Worth the wait?

Worth the wait?

There is nothing quite so thrilling as getting your hands on your favourite author’s latest book. If you’re anything like me, you’ll have started the first chapter before you’ve actually left the bookstore – sometimes before you’ve made it to the till. But even the most satisfying of endings to your latest literary purchase can’t stave off the inevitable dip that follows on from reading the last sentence… because who knows how long it will be before the writer gets around to releasing another one.

Typically, authors publish one or two books every three to five years, of course there are exceptions. Agatha Christie published one or two novels almost every year between 1921 and 1976 – she published three in 1934 alone; and that’s not to mention the short stories, poetry and travel writing she released in between. It’s hard to imagine anyone being quite so prolific, but Dame Barbara Cartland had Christie beat. Twenty-one years after her death, she still holds the Guinness World Record for ‘most novels published in a single year’: she released twenty-three titles in 1977. She was so prolific, that not even death could stop her career moving forward – several completed manuscripts were released posthumously. Of course, not everyone has the stamina, or desire to want to be a Christie or a Cartland. Many authors are content releasing a choice few books in their lifetime… regardless of their fans thirst for more.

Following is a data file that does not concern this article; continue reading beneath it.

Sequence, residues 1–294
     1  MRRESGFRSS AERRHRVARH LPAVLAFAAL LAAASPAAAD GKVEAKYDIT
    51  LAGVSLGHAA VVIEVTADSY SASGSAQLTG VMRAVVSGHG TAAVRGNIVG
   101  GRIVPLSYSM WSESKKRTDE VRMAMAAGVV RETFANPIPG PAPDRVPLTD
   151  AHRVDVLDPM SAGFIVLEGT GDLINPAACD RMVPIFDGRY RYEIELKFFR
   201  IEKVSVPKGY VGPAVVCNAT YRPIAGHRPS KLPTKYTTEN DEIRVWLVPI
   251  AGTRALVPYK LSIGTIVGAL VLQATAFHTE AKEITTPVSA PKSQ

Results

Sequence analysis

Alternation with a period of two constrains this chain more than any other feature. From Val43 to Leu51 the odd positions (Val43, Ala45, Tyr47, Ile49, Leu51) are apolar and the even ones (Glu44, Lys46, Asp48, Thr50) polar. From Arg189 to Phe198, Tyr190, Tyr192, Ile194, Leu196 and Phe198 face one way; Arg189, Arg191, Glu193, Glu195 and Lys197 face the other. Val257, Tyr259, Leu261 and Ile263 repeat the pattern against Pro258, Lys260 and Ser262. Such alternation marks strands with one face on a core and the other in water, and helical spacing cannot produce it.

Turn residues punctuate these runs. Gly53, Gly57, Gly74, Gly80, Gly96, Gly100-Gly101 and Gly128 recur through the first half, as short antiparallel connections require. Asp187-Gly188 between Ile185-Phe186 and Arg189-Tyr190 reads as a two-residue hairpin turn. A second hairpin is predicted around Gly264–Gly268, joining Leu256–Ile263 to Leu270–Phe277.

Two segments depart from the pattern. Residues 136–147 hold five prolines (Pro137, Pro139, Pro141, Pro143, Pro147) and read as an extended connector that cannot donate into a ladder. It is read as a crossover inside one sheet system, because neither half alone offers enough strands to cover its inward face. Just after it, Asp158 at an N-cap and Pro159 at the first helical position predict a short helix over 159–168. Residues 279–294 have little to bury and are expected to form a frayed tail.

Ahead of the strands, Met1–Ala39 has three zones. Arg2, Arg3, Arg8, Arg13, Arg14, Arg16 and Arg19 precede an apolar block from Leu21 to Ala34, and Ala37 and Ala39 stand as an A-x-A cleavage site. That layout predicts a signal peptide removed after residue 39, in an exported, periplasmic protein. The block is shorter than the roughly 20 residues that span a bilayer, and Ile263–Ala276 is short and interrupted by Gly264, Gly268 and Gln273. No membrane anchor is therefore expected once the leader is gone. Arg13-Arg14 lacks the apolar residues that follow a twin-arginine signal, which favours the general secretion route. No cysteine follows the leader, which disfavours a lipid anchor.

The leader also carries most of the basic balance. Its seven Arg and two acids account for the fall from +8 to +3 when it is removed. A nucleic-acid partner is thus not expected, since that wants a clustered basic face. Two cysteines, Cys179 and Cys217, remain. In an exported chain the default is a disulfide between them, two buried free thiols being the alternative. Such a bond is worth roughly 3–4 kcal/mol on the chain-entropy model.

There’s a horrible cliché that ‘women like to keep you waiting’; perhaps it’s better to say that ‘perfection can’t be rushed. Whatever your opinion, we thought we’d share five of the longest breaks female authors have taken between books:

11 years: Helen DeWitt – The Last Samurai (2000) and Lightning Rods (2011)

16 years: Susanna Clarke – Jonathan Strange & Mr Norrell (2004), Piranesi (2020)

20 years: Arundhati Roy – God of Small Things (1997), The Ministry of Utmost Happiness (2017)

27 years: Jean Rhys – Good Morning, Midnight (1939), Wide Sargasso Sea (1966)

55 years: Harper Lee’s To Kill A Mockingbird (1960) and Go Set A Watchman (2015)

*This last one is a little bit controversial... aside from the dubious circumstances surrounding its publishing, can Watchman really be considered a sequel, if was originally Mockingbird’s first draft?